Barta, but neither can cover the ground
the way Wilson did. Second base sems
to be provided for with Stein from the
Lincoln high school and Hammil from
the Lincoln Y. M. C. A. Shortstop is
affording more trouble. Only one man,
Williams, is out for this, but he seems
to be showing up good and will prob
ably be able to hold the position down
satisfactorily. Steen will cover third
and Bender preside behind the bat,
both men. having played on the team
last year. The outfield is especially
well filled. Fenlon, Cooke, Spraguo and
Miller are hauling down the long on-'S
in good shape, and all of them handle
the wagon pole well, especially Fenlon
and Miller. The latter will also sub
for Bender should necessity demand.
sIb of tho peculiar elements in Acad
emy life wherein he points out those
advantages incident to location and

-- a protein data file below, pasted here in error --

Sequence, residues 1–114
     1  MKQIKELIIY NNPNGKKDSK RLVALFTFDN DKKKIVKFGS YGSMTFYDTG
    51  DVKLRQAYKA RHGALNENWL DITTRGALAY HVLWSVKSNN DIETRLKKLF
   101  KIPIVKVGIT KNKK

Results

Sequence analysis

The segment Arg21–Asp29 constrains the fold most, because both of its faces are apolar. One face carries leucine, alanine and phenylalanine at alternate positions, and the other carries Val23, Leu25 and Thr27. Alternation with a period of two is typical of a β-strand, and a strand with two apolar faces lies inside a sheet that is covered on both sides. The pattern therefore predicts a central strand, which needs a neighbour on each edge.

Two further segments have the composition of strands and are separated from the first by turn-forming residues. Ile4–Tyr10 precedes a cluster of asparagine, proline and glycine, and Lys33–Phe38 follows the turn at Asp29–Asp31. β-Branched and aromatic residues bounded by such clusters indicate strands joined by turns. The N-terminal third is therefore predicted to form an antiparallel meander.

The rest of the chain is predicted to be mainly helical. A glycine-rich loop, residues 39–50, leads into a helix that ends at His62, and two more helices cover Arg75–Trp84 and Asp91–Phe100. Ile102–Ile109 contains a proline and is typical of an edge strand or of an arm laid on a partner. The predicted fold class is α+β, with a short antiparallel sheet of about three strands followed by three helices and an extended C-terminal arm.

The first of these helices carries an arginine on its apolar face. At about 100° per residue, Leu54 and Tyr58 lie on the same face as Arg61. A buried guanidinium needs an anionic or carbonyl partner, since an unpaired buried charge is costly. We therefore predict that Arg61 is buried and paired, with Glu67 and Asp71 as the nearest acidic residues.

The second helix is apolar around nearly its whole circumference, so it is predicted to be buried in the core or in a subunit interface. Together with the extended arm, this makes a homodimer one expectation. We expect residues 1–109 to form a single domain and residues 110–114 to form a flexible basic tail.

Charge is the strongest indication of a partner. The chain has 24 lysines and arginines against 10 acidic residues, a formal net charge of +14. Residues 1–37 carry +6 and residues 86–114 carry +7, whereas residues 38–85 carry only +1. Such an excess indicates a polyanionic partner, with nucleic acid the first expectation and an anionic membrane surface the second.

University atmosphere. MIbs Eleanor
Barbour writes on the preparations
being made for the Nebraska exhibit
at St. IxmiIs. She also mentions novel
features of tho whole exposition. Sev
eral appreciative letters have recently
been received by the business man
agers complimenting them on the im
provement in tho paper
The basket ball game with Wesleyan
is apparently off, to the regret of all.
Our team Is anxious to have another
whirl at the wheel of fortune.
A SWELL BANQUET
Sixth Annual Banquet of Y. M.
C. A. Held Last Night.
Candidates for Debating Team
Argue in Law Lecture Room.
The first annual practice debate in
the inter-state squad took place last
evening in the lecture room of the Uw
School. There will be several of these
scrimmages before the teams are an
nounced. Professor Fogg and Professor Ross
listened to the work last night. George
A. Lee led off on the affirmative. The
negative arguers were J. C. McReynolds
and Charles A. Sawyer. The other af
firmative speakers were Roscoe J. An
derson and John L. Clark.